Creating a career as a Translator

Posted on 01/30/17 in DCU LS NEWS, TRANSLATION, 1 Comment

site-creating-career-translatorWhether you decide to work as a professional freelancer or a full time translator, a career in translation can be both challenging and rewarding. This career has elements of creativity and verbal expression combined; although the materials that you often translate at times may be more technical (science, law, politics, etc.). Working as a freelance translator allows you the freedom and flexibility creating your own hours as well as allowing you to be your own boss.
You do not necessarily need to be a native speaker your chosen language in order to be an effective translator or interpreter. It may be difficult to match the linguistic skills of any native speakers; however non-natives study languages from scratch while placing great emphasis on grammar thus giving them the advantage of not having to unlearn the mistakes that native speakers have had to. When becoming a translator or interpreter it is. Below are some steps that will help when beginning to build your careers in translation or interpretation:


1. Having the right Qualifications
We prefer to work with translators who have educational qualifications in their areas of speciality, and preferably up to Masters Level. However, if a translator does not have a qualification in their field of work; it is advisable to at least obtain a language related qualification or relevant experience in the area. There are also professional organisations that translators can become a part of to further boost their profile, an example being the Irish Translators and Interpreters association (ITIA) and its equivalent in other countries; for Irish language translators, Foras na Gaeilge certification is very highly regarded and we place an emphasis on using Irish language translator who hold this qualification.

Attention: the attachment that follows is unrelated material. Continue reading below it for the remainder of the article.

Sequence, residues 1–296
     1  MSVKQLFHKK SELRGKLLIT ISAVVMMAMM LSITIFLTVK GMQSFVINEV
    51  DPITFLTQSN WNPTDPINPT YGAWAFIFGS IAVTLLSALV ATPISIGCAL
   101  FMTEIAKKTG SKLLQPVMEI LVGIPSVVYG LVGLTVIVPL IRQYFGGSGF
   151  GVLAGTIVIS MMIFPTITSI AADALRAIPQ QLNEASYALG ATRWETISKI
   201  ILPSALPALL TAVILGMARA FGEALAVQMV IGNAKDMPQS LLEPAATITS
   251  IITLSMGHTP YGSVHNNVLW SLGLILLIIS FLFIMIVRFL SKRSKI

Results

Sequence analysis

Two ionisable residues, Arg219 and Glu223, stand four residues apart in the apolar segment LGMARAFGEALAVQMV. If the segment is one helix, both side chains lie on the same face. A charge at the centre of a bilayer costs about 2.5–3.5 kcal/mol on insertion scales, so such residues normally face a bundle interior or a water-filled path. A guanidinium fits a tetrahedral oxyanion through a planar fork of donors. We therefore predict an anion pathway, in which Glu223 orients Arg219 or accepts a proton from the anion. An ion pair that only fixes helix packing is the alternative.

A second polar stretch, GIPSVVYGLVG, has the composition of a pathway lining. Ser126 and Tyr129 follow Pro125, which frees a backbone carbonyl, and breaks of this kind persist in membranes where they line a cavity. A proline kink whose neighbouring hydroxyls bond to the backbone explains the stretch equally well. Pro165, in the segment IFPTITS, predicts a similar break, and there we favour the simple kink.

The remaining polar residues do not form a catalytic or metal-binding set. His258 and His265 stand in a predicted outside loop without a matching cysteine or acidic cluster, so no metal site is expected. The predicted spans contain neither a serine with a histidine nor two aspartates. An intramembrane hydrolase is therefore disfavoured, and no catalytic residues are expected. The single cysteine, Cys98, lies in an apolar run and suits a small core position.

2. Gain Work Experience
While it is a necessary component to hold the specific qualifications needed for this role, it is also vital that freelancers have prior work experience. The ideal minimum we have set in place is 3 years working experience, which can be challenging for new translators who are beginning their career. If you are starting out as a translator, make sure you highlight any real working experience received through studies, internships, or even volunteer work. We are also always interested to know freelancer’s experience with software and IT related knowledge (translation technology tools, design packages, Microsoft Office, etc.) and any areas of specialisation which may set you apart from the others.

3. What Languages Do You Have?
This can depend on customer demand but the languages that are constantly on customer demand are the main European languages (Irish, French, Spanish, German, Italian, Dutch); Scandinavian languages; Eastern European languages (Polish, Lithuanian, Latvian, Slovak, Czech, Romanian); Russian; Chinese; Japanese and Arabic. As much as possible, we endeavour to only allow freelancers to work into their native language. It is also important to be clear about your languages and the extent of your knowledge of them – there is no point in lying about your level of knowledge in any language in order to get more work, if you are not comfortable enough with a language this will be evident through the course of your work.

4. Always Be Available and Ready
It is important to state your level of availability to your translation company including days you are unavailable for work or holiday periods, in advance, so that they can assign you work you are free for. It is also essential from our point of view that freelancers are contactable – this means regularly checking emails, answering your phone and replying. Due to the nature of how freelancers work, we need to ensure that we can rely on contacting you.

5. Build A Relationship With your Translation Company
It is important to remain professional at all times, stick to deadline, maintain high standards of quality and maintain strict confidentiality with documentation. It is important that freelancers are professional and flexible while practicing good communication and customer service abilities. At DCU Language Services we work closely with all of our translators and interpreters in order to build stronger employer – employee relations to ensure the highest standard of work is delivered every time. If you are interested in applying to work with us as a freelance translator or interpreter, please visit:

1 Comment

  • Mohamed says:

    I am a freelancer translator with DCULS. Working with DCULS is ver y organised by the help of frontline people at DCULS as they are very helpful to encourge you to fulfill you assignments perfectly. I am Very to work with DCULS.